However, Dr Jenny adds that ‘these signs are not definitive indicators of mental health problems, and unfortunately, some students may not exhibit any obvious signs at all.’


What help is available for students?


Students’ mental health and wellbeing should be properly supported during their time at university.


There is lots of help out there, specifically designed for university students who are struggling with depression, anxiety or other mental health problems. Try:


  • Contacting your GP

They can offer community mental health resources you may not be aware of. They can also prescribe and monitor medication, if required, and offer further specialised advice depending on how severe symptoms are.


  • Using on-site counselling 

These are often on campus and are free or subsidised for students.  Services are either provided in person, by phone, or online, and can help students manage a wide range of mental health issues, including depression and anxiety. 


  • Finding student specific help

Student Minds is a charity designed for students needing support, advice and help. You can call them FREE on 0808 189 5260, ​7 days a week from 3pm to 12am.

Mind also has a student hub with help and support available.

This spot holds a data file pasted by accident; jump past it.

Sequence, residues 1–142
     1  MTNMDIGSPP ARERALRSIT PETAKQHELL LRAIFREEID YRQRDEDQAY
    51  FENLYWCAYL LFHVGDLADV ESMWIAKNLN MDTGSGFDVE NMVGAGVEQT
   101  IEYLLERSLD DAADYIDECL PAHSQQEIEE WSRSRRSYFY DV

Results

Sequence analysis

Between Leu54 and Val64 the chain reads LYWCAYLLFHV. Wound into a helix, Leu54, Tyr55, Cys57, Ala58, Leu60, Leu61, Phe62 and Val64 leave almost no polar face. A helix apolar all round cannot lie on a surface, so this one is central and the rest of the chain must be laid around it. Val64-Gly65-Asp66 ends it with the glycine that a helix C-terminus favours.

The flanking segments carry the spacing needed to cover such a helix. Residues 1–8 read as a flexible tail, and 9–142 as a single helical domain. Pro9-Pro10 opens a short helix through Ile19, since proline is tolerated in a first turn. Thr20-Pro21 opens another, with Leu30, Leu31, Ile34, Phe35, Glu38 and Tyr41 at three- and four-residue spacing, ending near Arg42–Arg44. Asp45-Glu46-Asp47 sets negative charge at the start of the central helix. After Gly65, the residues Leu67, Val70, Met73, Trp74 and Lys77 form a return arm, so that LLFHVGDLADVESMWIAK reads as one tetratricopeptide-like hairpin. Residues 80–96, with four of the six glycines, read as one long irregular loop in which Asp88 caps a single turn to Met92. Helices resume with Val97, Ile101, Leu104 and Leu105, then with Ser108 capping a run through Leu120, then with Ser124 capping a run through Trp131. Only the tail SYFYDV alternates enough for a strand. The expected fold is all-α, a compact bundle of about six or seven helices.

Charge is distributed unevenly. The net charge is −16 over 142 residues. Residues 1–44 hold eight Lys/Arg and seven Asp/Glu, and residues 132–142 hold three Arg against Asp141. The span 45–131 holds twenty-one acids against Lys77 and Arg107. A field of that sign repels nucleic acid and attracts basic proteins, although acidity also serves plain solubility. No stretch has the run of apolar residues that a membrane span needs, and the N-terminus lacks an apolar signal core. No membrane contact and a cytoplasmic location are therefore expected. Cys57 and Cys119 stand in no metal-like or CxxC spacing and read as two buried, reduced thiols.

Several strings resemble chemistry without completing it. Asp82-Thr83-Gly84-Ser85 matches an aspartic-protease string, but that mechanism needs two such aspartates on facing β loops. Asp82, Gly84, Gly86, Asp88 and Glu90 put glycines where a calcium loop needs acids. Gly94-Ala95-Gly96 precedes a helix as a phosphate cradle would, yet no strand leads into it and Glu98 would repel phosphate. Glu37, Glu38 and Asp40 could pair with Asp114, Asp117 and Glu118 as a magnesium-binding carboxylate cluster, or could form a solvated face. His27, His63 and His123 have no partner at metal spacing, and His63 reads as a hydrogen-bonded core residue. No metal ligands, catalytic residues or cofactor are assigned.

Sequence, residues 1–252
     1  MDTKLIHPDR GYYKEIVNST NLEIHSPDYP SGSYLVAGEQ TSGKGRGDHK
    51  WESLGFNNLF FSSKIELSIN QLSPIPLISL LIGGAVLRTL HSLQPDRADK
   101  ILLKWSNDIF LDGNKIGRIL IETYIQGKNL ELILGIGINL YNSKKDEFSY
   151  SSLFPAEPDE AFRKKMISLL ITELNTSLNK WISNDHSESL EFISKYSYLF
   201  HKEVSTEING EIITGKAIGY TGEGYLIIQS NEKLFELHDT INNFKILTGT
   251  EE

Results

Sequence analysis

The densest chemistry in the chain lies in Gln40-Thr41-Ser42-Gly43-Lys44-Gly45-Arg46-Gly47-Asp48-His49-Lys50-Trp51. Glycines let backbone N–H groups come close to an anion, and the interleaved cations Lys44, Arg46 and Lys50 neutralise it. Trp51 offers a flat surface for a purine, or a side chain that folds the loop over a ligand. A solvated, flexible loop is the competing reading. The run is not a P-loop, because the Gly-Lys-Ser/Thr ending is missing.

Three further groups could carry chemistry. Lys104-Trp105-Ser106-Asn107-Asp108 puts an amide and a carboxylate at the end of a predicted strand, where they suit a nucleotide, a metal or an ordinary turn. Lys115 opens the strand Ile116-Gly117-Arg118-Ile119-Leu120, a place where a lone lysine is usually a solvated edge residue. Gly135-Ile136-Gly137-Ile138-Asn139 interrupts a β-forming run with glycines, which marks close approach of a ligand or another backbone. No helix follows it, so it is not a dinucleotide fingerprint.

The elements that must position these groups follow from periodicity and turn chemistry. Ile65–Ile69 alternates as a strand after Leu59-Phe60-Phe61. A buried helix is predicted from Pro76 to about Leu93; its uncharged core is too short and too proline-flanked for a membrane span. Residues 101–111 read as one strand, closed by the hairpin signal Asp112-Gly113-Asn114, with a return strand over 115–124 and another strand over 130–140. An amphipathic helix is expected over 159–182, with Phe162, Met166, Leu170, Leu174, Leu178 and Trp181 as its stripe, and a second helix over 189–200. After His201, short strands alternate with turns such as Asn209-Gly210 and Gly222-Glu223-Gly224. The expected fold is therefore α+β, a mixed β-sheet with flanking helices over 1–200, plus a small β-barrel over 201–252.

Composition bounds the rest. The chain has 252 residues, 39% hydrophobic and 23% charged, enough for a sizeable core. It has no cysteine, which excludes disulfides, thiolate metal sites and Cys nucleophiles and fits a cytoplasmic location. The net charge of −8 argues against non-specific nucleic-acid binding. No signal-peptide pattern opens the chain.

UMHAN, which stands for the University Mental Health Advisers Network also has lots of info and relevant resources.


‘It’s important for students to know that there is no one-size-fits-all approach to managing mental health issues,’ says Dr Jenny. ‘What works for one person may not work for another, so it’s important to explore different options and find the support that works best for them,’ she says.


What should students do if they are struggling?


If you’re struggling with your mental health at university learn more about what help is available


If you’re a student struggling with your mental health at university, first of all you’re not alone.


‘Students are under huge pressure these days, not just to manage workload and meet deadlines as well as socialising, but also to manage finances along the way. In a cost of living crisis, that’s even tougher than it was,’ says Dr Jenny.


Not dealing with pressure can quickly spiral into mental and physical health issues though, so if you are feeling like you’re struggling, talking to someone – a friend, family member, counsellor, doctor – can really help unburden you.


‘Prioritising self-care is hugely important’ says Dr Jenny, who also recommends getting enough sleep, trying meditation apps, eating well and exercising to help.


Lastly, remember that seeking help is a sign of strength, not weakness. Mental health issues are common and manageable.

If you have had time off university or need time off to get better, ZoomDoc can help relieve the added stress of getting a ‘sick note’ sorted. Simply select ‘university & college sickness’. For just £40 we’ll supply your medical letter the same day, without having to make an in-person GP appointment so you can focus on with your recovery.

Want to know more?

Our team of Doctors are available via the ZoomDoc App for any medical questions or queries.